Saturday, July 15, 2006

Oh what joy!

I received my books from Amazon the other day. These three had all been on my wish list for a while, and when I realized they were all available on special offer, the finger on the mouse button only had to make a few rapid up and down motions and the trio was on it's way to my home...

They arrived a couple of days ago and I haven't really had time to study them at length yet, but with this lovely weather and my balcony garden being at the peak of its beauty right now, I'll be enjoying some precious leisure time there poring over these gems this weekend. The one I have been spent most time with so far is Kristin Nicholas' "Colorful Stitchery" - such an inspiration! I have done some embroidery over the years. Although my main focus - before I discovered quilting - was on cross-stitch, I have tried crewel work and after a embroidery class last winter I think I've finally got the hang of stem stitch and feather stitch as well. This book really inspires me to try it on some useful items for the home.

My mother and my grandmother both did various needle crafts, but the person who really inspired me to create was in fact my great grandmother, who died long before I was born. The country cottage where she lived all her married life is full of items she created. Beatifully crocheted curtains, appliqued wallhangings, embroidered tablecloths and chair covers - you name it, she did it all. Sadly my aunt and uncle who inherited the place have no appreciation of "old stuff", so it's not all on display anymore, but at least I have been allowed to "rescue" a lot of her things for safe keeping. Hm, that's subject of a whole blog post of it's own, I think. I really should photograph and catalogue all those tablecloths...

Back to the book. Although it is a fresh take on an old craft, it also reminds me of some of the work of the Bloomsbury set. I remember visiting an exhibition about Dora Carrington's work in the Barbican years back (probably around the release of the film about her life in 1995) and there were whole rooms designed to look like her home, where everything was painted and created especially for the places they were placed. Although the designs in this book are nothing like those, I get the same feeling of objects lovingly created to be displayed in rooms that are creatively put together. Such an inspiration!

The two quilt books, Denyse Scmidt Quilts and the Ringle/Kerr Modern Workshop one are also well known in Blogland, I think, and I will not be the first to draw inspiration from these. Once I have finished my self-appointed task of making quilts for all nieces and nephews I intend to spend more time creating just for the sake of creating and I believe these books will be among the ones that will help me further along this path. I can't wait to begin! But first I have some kite blocks to finish...

Friday, July 14, 2006

Another Friday, same WIP

It has been a hectic week, but I have made some progress on my kite-quilt. Here are some of the kites pinned up on the background sky fabric. I have actually finished all the kite parts of the blocks, and they will all go up on my design wall* tomorrow to decide which ones go where. Once I have decided, I can finish the blocks with sky-, sea- or sand-fabric respectively. I hope to have this done by the end of the weekend.

The Jan Mullen fabrics and some other brights from my stash seem to work quite well for the kites, so my soon to be six year-old nephew will get a bright and cheerful quilt to suit his bright and cheerful personality. He is such a sunny child, always with a glimpse of a dimple in his cheek and a twinkle in his eye as he talks a mile a minute and twists everyone around his little finger. I can't wait for him to see his quilt :-)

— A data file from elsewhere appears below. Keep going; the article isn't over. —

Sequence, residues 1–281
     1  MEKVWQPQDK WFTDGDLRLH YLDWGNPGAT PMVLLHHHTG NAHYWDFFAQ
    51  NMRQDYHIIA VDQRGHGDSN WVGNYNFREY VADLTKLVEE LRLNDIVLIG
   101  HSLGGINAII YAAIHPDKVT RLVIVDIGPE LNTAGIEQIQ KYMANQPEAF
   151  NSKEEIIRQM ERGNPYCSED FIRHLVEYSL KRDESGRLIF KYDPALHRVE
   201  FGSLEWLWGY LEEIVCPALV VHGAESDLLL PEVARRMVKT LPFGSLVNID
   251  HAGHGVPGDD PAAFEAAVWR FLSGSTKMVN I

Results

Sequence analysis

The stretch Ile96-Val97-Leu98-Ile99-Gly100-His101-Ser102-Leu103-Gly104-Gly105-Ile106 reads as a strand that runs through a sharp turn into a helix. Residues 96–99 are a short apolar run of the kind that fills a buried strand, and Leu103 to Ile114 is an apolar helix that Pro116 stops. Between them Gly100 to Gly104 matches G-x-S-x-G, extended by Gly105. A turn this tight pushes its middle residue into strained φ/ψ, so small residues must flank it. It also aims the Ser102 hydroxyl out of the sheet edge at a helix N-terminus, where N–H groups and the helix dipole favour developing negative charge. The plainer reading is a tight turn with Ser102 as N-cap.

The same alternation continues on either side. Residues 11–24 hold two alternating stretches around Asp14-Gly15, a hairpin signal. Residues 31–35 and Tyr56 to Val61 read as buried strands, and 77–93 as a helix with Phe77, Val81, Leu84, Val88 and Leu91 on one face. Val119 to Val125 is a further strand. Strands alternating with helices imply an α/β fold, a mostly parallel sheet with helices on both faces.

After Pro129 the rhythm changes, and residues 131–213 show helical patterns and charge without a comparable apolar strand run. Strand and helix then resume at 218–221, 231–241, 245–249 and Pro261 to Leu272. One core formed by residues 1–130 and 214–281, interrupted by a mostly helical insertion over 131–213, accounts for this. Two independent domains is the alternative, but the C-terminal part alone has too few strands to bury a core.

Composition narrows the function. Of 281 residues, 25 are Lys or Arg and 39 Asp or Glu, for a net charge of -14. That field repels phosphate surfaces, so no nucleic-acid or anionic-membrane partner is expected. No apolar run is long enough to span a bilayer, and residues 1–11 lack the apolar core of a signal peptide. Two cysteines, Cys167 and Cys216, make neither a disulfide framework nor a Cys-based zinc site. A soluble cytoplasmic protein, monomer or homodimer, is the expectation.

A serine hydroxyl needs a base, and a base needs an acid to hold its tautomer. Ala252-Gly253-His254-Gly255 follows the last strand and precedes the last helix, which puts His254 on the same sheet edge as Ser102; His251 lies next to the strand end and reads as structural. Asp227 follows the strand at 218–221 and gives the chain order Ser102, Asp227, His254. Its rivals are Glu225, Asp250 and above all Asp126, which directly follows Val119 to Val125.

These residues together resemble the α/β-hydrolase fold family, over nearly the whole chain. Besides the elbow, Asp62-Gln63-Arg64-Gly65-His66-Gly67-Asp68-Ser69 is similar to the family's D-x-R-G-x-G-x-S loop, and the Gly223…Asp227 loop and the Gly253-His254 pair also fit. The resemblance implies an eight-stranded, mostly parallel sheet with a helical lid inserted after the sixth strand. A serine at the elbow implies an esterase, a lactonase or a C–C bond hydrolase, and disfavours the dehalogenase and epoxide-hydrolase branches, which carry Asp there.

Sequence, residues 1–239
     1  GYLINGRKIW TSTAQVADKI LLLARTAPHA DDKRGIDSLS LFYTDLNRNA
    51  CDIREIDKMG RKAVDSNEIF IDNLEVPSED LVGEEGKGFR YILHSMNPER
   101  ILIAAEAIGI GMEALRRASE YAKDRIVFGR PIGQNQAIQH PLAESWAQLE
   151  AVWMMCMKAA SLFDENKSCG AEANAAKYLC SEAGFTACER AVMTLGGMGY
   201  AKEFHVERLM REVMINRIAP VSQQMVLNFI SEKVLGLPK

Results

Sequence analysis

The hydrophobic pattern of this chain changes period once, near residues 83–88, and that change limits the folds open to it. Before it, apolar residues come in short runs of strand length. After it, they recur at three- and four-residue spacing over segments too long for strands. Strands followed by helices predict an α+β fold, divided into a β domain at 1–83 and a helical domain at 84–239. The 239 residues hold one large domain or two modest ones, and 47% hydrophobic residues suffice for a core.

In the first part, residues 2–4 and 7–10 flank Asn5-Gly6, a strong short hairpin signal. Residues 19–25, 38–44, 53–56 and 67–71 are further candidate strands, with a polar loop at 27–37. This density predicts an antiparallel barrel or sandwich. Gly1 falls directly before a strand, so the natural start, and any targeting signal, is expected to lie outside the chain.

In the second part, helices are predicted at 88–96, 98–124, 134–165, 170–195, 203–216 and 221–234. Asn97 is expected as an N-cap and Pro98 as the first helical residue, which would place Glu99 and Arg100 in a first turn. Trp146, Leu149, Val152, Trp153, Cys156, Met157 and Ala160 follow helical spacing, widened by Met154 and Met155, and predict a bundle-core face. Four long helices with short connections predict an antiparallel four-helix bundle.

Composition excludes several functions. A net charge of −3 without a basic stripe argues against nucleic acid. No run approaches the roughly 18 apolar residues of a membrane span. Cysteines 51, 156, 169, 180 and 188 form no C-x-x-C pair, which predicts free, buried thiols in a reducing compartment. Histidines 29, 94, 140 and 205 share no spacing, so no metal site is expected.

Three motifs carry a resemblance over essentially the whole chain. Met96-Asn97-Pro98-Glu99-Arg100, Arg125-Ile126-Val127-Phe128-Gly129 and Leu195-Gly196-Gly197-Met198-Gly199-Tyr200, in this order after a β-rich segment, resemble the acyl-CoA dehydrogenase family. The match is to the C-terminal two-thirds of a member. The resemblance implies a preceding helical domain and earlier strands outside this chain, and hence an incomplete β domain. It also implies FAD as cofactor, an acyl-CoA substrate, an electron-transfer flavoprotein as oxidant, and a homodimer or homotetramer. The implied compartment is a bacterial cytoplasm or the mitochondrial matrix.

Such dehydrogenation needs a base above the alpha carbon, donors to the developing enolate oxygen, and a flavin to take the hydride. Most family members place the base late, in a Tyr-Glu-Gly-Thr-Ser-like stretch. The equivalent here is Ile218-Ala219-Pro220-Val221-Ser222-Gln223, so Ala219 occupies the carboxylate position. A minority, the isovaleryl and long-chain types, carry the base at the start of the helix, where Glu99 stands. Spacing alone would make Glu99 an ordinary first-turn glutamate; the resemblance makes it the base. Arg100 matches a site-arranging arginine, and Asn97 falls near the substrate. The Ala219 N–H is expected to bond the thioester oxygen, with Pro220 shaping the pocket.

Talking of little boys, I was quite impressed by another little one yesterday. A group of us gathered at the local quilt shop for a stitch-and-chat. One of the girls couldn't get a sitter, and had brought along her son who's just turned five. He was put to work by his mum, making headbands for his cousins. His mother cut the fabric (chosen from his very own stash, which he brought in his own little bag) and some polar fleece for the backing. He stitched the pieces together on the sewing machine, his mother clipped the corners before he turned them inside out. His mother ironed them and he did the quilting, on the machine, before his mother added the velcro. He obviously enjoyed the whole process, working with his mother, choosing fabric and thread for each of the cousins and doing most of the work - it was obvious that this wasn't the first time he had used a sewing machine though. But it really goes to show how much a child can manage with a little help (and supervision) from an adult, if we dare to let them have a go. I bet he'll have wonderful memories of crafting with his mum, and who knows, maybe he will become a quilter when he grows up!

*"Design wall" is rather a grand name for it, come to think of it! I haven't got much free wall space available in my small flat, so my design wall consist of a flannel sheet with big metal eyelets in two corners. This is hooked on to the wall whenever I need to use it and is easy to take down again once I'm finished.

Sunday, July 09, 2006

Is it better on paper?

I have started a new quilt. This is one I have been planning to make for quite a while. I have made bedquilts for my niece and for four of my five nephews, so it's about time that the youngest one gets his.
The original pattern is from an old copy of Quiltmaker, but I have changed it a bit, and found a fabric collection with sand, sea and sky that I think will work well as background for the colourful kites, some flying in the air and some waiting in the sand before they are launched - the impression I want to give is a fun day at the beach. The kites are supposed to be made with foundation piecing, and I made loads of copies of the paper foundations, got my fabrics out and got started. I have been wondering these past few days, though, if this paper piecing thing really is such a good idea...